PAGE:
We regret to announce that due to delays and uncertainty with the federal budget process we will not be accepting major grant proposals for 2017. Our Opportunity grant and Mini-grant lines will still be available, and we encourage those who may have been seeking major grant funding to consider submitting through these grant lines. However, the grant limits still apply. We apologize for any inconvenience; if you have any questions please contact us.
If you’ve come to this page, then you are probably looking for financial support for a project. We support projects that match our mission. Our goal is to provide programs that encourage thoughtful discussion and critical thinking about humanities topics at the layman’s level.
We want to see publicly accessible projects that ask audiences to take a closer look at the human experience. The humanities study the human condition within the frame of cultural, social, and personal contexts. Our mission is to bring the humanities, which are often thought of as being “Ivory tower,” university subjects to Wyoming citizens at large.
Some questions to begin:
1) Is the project humanities centered? The humanities encompass the study of all our forms of human cultural expression: our history, arts, literature, philosophy, religion, laws, cultural studies, and languages. These break down further into subsets such as ecological humanities and gender studies. However, projects like arts performances that do not have a Q&A or talk-back session to delve into the meaning and context of the experience of art fall into the realm of Wyoming Arts Council funding. See our About the Humanities page for more information.
2) Is your program built around a public event? Specifically, we will not fund research projects. If the project isn’t about directly engaging a public audience (through outreach components like lectures, documentaries, digital medias, curated exhibits, moderated film series, etc.) then it is probably not a fit for Wyoming Humanities funding.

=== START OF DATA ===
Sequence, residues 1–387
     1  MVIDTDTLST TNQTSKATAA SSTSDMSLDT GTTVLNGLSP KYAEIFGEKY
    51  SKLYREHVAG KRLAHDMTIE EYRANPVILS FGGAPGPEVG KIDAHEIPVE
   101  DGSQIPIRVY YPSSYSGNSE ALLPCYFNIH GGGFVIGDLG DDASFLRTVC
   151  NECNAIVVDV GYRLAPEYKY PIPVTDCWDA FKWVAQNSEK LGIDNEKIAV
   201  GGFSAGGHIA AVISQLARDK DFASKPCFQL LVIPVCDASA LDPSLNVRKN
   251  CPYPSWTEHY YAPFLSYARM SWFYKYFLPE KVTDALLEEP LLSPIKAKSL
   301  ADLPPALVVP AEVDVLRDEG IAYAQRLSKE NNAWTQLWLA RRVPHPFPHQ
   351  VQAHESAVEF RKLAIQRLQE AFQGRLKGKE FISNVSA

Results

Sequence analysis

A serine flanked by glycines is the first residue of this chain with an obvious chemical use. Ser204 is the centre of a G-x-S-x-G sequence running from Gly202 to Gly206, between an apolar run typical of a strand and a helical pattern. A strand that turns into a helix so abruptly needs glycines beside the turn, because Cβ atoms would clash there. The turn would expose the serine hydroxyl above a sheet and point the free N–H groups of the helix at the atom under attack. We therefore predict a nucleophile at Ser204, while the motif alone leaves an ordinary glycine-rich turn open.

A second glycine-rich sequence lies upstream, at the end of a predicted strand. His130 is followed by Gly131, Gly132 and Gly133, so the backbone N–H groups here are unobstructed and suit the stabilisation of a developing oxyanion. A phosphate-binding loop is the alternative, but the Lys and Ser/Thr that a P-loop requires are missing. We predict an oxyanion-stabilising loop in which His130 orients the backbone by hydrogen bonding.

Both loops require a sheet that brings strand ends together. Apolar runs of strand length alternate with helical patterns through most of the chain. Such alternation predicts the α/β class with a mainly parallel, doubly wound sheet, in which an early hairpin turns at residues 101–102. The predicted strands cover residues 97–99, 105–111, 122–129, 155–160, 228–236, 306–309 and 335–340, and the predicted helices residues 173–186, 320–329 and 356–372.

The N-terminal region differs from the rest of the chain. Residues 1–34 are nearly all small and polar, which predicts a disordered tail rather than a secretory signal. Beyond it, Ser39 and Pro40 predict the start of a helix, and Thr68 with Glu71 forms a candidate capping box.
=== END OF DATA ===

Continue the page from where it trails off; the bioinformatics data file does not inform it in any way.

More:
3) You must have a state or federally recognized nonprofit group or state agency (library, school, college, museum), with a valid tax EIN and DUNs number to receive funds to sponsor the grant and manage the funds. We do not fund individuals.
4) The project must have a humanities scholar in a central role (loosely defined as MA or higher in a humanities field).
If your project meets the above criteria, please email a one page synopsis of the project to grants@thinkWY.org. Staff will review the synopsis and advise as to whether or not our board might choose to fund the project. You must complete this step at least two weeks before submitting an application. Writing grants is hard work. We don’t want you to go through the trouble for a grant that can’t/won’t be funded.
Once you have consulted with staff about your project and get a green light to formally submit an application, download the proper forms from this web page.
We have three different grant lines:
Major Grants $2,001 to $10,000
Major grants are for bigger projects and have an annual deadline of March 1 for projects beginning 60 days from date of submittal (So with a yearly March 1 deadline, projects must start May 1 or later).